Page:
Figure 1

Summary of ATMT steps. a) Cross-sectional view of an explanted heart submerged in a cylindrical water bath. c) Application of upper and lower intensity thresholds to eliminate bulk of signal associated with the water bath. c) By successively removing extra-cardiac features, the 3D heart voxels are isolated. d) To isolate the left ventricle an irregular region encompassing the right ventricle is manually identified for removal.

Initially, the whole cardiac structure was isolated, and using the features of the processing software, the volume of myocardium was determined. Next, this was converted into grams by multiplication of the density of myocardium, taken as 1.055 g/mm3. After recording the total cardiac volume, the same model was further operated on to remove the RV structure by use of a series of digital `cuts’ applied to the 3D model. The remaining tissue (typically trimmed to a semi elliptical structure) was measured and taken as the LV or RV volume. Following performance of the CMR examination, the explanted hearts were returned to the Pathology Lab, where the whole heart was weighed using a high-fidelity scale. The pathologist then formally separated the RV tissue using scissors, and the RV and LV tissue were weighed separately. These steps understandably required intricate coordination between the transplant surgeons, pathologists and the CMR Laboratory day or night given the natural nuances of obtaining donor hearts. Finally, ten random explant hearts were also reanalyzed to establish the intra-observer variability by the same observer (GR) using the exact same technique. The reanalysis was blinded and took place 4 months after the initial analysis to avoid memory bias.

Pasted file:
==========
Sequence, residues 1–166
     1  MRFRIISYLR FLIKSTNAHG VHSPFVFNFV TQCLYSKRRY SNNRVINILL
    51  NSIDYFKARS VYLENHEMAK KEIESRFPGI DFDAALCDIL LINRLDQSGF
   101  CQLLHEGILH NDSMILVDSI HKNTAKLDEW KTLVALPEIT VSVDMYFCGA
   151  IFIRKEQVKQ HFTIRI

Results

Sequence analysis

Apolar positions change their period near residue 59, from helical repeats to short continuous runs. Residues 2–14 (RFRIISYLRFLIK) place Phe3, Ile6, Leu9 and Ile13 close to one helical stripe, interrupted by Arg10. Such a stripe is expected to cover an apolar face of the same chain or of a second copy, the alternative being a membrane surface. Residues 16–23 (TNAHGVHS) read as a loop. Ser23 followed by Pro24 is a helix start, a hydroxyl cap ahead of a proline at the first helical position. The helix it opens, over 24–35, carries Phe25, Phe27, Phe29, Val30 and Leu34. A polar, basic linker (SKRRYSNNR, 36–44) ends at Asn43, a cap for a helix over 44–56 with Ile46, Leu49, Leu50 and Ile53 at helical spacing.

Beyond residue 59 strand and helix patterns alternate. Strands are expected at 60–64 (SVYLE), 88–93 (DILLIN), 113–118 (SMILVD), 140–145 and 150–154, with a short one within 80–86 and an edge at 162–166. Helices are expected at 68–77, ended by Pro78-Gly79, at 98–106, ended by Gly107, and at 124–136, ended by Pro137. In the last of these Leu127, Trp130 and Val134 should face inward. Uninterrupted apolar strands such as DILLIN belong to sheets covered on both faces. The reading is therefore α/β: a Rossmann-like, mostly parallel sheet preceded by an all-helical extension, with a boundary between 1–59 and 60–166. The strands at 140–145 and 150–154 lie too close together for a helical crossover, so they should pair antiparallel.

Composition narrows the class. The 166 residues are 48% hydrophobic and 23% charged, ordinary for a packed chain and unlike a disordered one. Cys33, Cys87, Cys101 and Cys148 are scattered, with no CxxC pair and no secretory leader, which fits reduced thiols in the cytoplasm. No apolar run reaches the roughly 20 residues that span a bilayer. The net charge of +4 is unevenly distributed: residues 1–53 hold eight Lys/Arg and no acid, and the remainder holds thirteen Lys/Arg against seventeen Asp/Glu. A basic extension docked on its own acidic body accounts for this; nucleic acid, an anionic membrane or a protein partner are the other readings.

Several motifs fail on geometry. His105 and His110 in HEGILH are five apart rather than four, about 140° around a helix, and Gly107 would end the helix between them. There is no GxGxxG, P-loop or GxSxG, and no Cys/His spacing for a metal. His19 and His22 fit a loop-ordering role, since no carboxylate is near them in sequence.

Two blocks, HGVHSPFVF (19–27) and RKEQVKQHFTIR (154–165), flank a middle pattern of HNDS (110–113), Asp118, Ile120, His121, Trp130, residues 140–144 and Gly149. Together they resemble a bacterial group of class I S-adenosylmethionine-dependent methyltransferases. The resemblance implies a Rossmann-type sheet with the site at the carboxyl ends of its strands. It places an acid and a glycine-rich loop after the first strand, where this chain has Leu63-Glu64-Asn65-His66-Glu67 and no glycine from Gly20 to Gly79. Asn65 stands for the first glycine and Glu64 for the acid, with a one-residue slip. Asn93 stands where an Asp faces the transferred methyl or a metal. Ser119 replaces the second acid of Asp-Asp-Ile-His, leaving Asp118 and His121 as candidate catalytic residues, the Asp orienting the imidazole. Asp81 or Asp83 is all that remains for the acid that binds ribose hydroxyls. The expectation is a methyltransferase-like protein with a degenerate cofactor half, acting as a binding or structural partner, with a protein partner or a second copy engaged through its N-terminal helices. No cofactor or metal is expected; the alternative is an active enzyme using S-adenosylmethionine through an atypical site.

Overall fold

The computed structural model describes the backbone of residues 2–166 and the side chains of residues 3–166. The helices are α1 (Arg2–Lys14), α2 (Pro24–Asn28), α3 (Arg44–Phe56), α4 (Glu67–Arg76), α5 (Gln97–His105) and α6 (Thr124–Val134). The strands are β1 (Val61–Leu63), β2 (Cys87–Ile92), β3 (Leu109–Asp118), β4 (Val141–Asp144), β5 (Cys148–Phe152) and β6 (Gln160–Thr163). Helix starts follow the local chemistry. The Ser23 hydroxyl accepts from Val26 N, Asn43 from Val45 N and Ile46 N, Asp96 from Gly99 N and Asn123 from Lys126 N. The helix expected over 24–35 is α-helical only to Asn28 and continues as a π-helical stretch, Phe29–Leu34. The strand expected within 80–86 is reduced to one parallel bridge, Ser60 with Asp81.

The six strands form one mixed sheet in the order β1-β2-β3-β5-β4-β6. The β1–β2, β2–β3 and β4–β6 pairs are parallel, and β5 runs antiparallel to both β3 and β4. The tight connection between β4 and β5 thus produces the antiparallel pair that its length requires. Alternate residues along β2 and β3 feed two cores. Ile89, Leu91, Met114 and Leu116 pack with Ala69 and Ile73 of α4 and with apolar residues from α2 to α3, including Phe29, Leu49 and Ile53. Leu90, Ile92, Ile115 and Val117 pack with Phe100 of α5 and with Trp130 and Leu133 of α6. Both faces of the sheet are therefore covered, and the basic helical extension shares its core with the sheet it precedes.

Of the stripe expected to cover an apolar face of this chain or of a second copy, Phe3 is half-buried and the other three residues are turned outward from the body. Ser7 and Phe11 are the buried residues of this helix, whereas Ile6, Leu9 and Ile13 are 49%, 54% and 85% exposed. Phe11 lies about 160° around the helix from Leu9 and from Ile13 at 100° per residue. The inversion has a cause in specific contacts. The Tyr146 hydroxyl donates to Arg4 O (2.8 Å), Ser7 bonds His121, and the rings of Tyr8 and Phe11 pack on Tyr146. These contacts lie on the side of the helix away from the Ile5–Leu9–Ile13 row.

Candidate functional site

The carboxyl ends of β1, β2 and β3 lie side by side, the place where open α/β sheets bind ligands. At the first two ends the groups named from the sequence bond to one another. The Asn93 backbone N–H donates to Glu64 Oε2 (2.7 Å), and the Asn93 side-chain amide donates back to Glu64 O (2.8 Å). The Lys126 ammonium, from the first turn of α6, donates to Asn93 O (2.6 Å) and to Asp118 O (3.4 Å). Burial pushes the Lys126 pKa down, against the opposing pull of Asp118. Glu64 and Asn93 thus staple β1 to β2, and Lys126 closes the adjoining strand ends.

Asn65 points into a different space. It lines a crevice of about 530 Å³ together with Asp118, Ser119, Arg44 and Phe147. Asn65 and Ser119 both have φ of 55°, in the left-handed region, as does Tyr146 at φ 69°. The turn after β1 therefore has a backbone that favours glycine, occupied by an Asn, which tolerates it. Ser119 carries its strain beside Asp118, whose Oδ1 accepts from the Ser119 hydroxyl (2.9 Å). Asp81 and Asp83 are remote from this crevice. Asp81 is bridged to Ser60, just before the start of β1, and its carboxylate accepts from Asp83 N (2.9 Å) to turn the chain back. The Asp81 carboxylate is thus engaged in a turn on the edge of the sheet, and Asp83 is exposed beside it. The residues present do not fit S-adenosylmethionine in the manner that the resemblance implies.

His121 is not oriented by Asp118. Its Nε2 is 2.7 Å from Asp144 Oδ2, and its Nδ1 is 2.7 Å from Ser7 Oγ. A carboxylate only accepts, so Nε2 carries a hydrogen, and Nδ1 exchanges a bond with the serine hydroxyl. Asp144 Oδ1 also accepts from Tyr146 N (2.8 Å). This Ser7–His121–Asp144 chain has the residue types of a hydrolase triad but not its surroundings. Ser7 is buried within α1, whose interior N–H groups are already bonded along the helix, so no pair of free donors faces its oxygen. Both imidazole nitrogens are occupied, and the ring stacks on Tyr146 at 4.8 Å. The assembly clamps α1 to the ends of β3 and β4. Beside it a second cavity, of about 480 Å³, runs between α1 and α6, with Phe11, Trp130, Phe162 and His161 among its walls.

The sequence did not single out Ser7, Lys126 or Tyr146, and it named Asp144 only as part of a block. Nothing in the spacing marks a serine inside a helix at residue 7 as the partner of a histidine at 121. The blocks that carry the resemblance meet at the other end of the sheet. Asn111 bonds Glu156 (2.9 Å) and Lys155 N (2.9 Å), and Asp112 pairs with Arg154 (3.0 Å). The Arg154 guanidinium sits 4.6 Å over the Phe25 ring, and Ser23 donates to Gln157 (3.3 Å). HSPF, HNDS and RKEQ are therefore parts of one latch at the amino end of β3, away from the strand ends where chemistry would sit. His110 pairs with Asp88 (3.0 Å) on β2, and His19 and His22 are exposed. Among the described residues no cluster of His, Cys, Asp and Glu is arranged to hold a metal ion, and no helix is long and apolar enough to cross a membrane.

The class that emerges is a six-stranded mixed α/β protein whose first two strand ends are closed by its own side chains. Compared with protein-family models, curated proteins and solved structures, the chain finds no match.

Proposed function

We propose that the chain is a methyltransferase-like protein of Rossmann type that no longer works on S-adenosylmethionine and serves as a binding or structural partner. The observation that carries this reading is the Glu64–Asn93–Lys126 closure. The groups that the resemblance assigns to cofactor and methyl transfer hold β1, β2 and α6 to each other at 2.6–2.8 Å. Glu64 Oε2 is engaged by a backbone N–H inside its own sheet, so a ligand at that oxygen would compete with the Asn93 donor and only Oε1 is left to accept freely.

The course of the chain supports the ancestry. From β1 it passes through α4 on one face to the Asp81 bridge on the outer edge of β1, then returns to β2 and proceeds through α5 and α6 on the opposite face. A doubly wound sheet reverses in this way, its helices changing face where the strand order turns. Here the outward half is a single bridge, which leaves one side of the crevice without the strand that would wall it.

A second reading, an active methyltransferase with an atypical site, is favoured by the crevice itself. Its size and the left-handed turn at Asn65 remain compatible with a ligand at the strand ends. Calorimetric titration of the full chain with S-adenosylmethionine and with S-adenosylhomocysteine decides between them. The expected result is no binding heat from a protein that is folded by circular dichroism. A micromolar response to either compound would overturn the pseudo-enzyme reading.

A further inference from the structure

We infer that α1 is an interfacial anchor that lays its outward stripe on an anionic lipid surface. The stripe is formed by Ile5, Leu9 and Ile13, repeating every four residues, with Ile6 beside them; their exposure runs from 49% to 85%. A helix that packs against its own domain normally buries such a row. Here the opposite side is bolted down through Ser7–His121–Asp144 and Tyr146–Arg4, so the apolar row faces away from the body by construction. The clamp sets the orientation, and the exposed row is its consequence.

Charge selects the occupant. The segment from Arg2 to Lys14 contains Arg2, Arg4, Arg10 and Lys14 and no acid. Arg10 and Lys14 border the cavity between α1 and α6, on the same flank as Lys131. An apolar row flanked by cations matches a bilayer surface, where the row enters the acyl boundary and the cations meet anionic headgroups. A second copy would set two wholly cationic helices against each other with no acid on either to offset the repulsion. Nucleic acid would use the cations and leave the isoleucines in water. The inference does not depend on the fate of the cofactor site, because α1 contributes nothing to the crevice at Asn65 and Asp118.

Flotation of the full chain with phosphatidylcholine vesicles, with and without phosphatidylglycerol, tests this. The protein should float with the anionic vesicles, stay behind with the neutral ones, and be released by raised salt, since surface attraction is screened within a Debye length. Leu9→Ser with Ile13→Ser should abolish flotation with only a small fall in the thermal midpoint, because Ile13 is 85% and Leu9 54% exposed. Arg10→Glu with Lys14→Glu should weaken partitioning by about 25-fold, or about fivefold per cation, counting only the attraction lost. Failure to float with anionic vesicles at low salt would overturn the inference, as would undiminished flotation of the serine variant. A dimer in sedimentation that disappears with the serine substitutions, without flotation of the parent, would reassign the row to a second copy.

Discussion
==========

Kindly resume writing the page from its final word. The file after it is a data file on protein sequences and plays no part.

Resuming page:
Statistical analysis

Continuous variables were expressed as mean + standard deviation and compared using the independent samples t test. Categorical variables were expressed as counts and percentages. Linear regressions were performed to assess the correlation of cardiac mass weights between the SSFP-CMR method and ex-vivo heart autopsy method. Bland-Altman plots were used to determine the bias and 95% limits of agreement between methods. A two-tailed p-value <0.05 was considered to indicate statistical significance. The intra-class correlation coefficient (ICC) was calculated to assess intra-observer reliability between measures of 3D MRI volumes made by a single rater using the ATMT method. The ICC model used was two-way mixed and the type was absolute agreement. The values of ICC range between 0 and 1.0, with values closer to 1.0 representing stronger reliability. Portney and Watkins [17] suggested that ICC value above 0.75 indicate good reliability, those between 0.5 and 0.75 indicate moderate reliability, and those below .50 indicate poor reliability). Data was analyzed using IBM SPSS Statistics, version 20.0 (IBM Corporation, Armonk, NY).

Results

A total of 58 explanted hearts were imaged; 3 (5%) were excluded due to poor image quality (peri-surgical destruction) leaving 55 (95%) for the final analysis. Of the 55 explanted hearts, 39 (71%) were men, and 16 (29%) were women (mean age 55 ± 11 years, range 23 to 73 years). A significant proportion of the explanted hearts belonged to ischemic (47%) and non-ischemic heart disease (36%) patients (table 1). Instrumentation was present in all but two patients comprised of AICD and or PM (93%), LVAD (60%), RVAD (15%) and/or RVAD/LVAD (12%). All (100%) patients had LV and RV (42%) myocardial surgical resection of varying amounts averaging 3x3cm. The average time from Transplant Suite to Pathology Department was 25 ± 5 and from Pathology to CMR notification was 30 – 5 minutes. CMR preparation time (RB or RW) was 10 – 2 minutes minimizing desiccation and impending formaldehyde preservation. The processing time per image series was approximately 8–10 min; not significantly different than standard manual contouring. The total time the hearts were rerouted to the CMR facility was < 60 minutes.